A week or so ago, someone shared an article about why we shouldn’t praise our children. And then just two days ago, when I praised my older daughter’s beauty, another person asked if her younger sister would get jealous if she read my words.
It made me pause to think. Does praising children often make it meaningless? Does praising engender jealousy? Does it make the other person who is not praised feel not-good-enough?
I spent a fair bit of time thinking through past experiences (my own and my children’s), soul-searching and discussions with my children’s father, and came to this conclusion: please praise your children.
These are the six overwhelming reasons:
(1) Praising teaches non-comparison. We all can be /pretty/clever/etc and most importantly, competition is not about being better than the other person, but growing to be our best selves.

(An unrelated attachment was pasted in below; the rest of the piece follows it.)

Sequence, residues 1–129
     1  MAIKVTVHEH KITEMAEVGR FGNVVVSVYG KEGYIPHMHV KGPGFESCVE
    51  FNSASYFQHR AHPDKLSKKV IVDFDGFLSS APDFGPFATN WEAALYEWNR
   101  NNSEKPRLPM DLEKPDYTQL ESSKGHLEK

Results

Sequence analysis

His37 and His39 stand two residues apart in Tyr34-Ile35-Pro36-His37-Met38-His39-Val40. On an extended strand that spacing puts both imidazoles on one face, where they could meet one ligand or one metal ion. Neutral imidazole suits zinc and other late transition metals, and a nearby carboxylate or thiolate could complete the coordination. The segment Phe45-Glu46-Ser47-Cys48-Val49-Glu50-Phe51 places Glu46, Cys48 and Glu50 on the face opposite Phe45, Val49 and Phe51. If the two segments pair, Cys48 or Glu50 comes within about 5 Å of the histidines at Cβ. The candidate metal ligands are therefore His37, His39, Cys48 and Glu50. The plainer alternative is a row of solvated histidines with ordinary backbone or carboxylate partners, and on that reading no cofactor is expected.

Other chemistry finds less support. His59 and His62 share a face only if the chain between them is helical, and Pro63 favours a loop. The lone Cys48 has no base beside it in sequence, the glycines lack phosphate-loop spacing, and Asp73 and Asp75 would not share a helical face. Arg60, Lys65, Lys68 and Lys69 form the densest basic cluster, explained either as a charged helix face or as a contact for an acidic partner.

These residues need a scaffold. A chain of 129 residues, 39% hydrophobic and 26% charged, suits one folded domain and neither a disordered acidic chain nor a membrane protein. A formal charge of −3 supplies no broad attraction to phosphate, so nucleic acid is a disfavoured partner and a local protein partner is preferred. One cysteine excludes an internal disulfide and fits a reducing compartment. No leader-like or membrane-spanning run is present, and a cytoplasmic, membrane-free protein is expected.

(2) Praising sets an example for our children to speak good of others. This is far better than speaking ill of others, which only has the effect of making the speaker’s life miserable.
(3) Praising teaches children to recognise and celebrate the good in others, and be part of the rising tide. If you look for the bad in people, you will find it …. in yourself. Because truly, our spoken words are just a reflection of our inner landscape.
(4) When you speak good words, you raise the positivity of the world. I was once in a house where only ill was spoken, a clean and spotless house with a lovely garden, but I felt the chill. So raise the good energy in your home environment!
(5) Praising teaches children to give and also to accept praises….and to feel good about themselves. I love being in the reflected glory of others’ successes – rather than being envious or jealous – because I know I have been amply blessed in my life. What goes round really does comes round.
(6) It teaches children that the universe is so vast that there is room for all stars and that each and everyone of us have a special role to play in life.